- October 11, 2013
- Posted by: admin
- Categories: Liens, Posts, Property Lien, Real Estate Post
This article and post explain some helpful tips in looking up or checking on property and personal liens filed with the recorder and clerk’s office.
Property shopping and the big decisions that come with it can be overwhelming. Maybe you are ready to buy a property or simply want to know if your home has a lien on it. There are some things to consider when looking up lien records on real estate or property and property owners.
Real Estate and personal lien records are not always public records or online for that matter. The records may only be available to a licensed Abstractor, title company, or real estate attorney, depending on the relevant county and state laws. (Various types of liens can be viewed on this page: Types of property liens). If lien and judgment records are available to the public in a certain state or county, the county recorder’s website or clerk’s office may offer searches for these records indexed online searched and obtained by name searches, lot and block, parcel number, or street address. In some cases, a free search may be offered by the county website and documents can be obtained for a fee. Other counties offer monthly or yearly subscriptions for high-volume users. These recorded documents and records will typically be referenced by book and page (Book/Page), instrument numbers, or grantee and grantor.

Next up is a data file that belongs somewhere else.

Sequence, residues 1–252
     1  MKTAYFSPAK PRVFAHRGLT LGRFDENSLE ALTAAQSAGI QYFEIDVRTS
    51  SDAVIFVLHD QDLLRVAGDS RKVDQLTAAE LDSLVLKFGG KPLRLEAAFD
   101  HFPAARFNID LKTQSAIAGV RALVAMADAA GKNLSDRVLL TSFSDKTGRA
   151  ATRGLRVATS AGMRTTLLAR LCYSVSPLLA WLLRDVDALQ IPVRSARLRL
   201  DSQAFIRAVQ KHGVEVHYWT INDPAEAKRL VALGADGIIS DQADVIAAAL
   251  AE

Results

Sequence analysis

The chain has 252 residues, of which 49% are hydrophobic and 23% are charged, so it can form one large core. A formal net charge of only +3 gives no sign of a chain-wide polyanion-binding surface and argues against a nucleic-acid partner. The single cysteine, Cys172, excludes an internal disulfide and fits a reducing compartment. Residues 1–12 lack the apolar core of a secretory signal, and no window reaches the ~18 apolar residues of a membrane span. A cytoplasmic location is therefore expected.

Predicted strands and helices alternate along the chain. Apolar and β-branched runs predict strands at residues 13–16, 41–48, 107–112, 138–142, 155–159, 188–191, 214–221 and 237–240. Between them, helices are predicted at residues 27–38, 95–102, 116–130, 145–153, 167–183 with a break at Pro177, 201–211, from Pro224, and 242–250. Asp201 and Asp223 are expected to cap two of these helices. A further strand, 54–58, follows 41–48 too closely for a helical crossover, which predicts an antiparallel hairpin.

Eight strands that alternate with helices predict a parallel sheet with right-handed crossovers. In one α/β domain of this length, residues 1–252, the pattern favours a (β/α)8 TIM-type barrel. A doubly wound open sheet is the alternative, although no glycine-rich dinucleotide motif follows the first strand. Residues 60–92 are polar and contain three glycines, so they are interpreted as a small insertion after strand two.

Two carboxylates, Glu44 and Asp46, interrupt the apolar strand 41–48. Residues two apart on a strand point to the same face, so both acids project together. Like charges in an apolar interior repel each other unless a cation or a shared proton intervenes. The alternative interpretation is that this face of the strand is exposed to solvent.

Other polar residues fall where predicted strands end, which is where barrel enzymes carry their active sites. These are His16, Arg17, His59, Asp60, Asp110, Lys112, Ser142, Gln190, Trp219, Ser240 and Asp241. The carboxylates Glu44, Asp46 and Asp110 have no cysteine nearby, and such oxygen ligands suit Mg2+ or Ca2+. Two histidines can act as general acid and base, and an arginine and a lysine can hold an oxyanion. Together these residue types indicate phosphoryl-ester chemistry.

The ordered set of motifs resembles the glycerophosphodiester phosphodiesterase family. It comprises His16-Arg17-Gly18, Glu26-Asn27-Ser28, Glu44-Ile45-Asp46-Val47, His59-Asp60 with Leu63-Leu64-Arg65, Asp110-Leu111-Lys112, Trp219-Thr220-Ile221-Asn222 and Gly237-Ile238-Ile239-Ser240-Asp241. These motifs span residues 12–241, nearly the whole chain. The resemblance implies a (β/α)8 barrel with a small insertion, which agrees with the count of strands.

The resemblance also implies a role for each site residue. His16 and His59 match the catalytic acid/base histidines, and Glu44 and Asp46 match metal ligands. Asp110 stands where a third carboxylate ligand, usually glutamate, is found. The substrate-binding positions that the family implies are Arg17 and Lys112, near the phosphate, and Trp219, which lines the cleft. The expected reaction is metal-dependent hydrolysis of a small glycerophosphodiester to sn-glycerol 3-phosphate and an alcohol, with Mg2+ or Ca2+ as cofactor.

Personal liens are different from property liens as they are filed or recorded against the individual or business. Also known as a general lien first, and eventually finding their way and attaching to the individual or entity property as collateral or leverage used by the debtor. These types of Liens are usually filed by a federal or state tax authority or in the form of a judgment issued by a court as an opinion, decision, or ruling.
It is worth noting that during an asset search on an individual or entity, one must consider potential superior liens on the assets owned by the individual/entity before making decisions about whether or not to pursue the collection of a debt to you or your company. The end game is to perform optimum due diligence by utilizing valid and trusted resources before property acquisition or asset recovery efforts.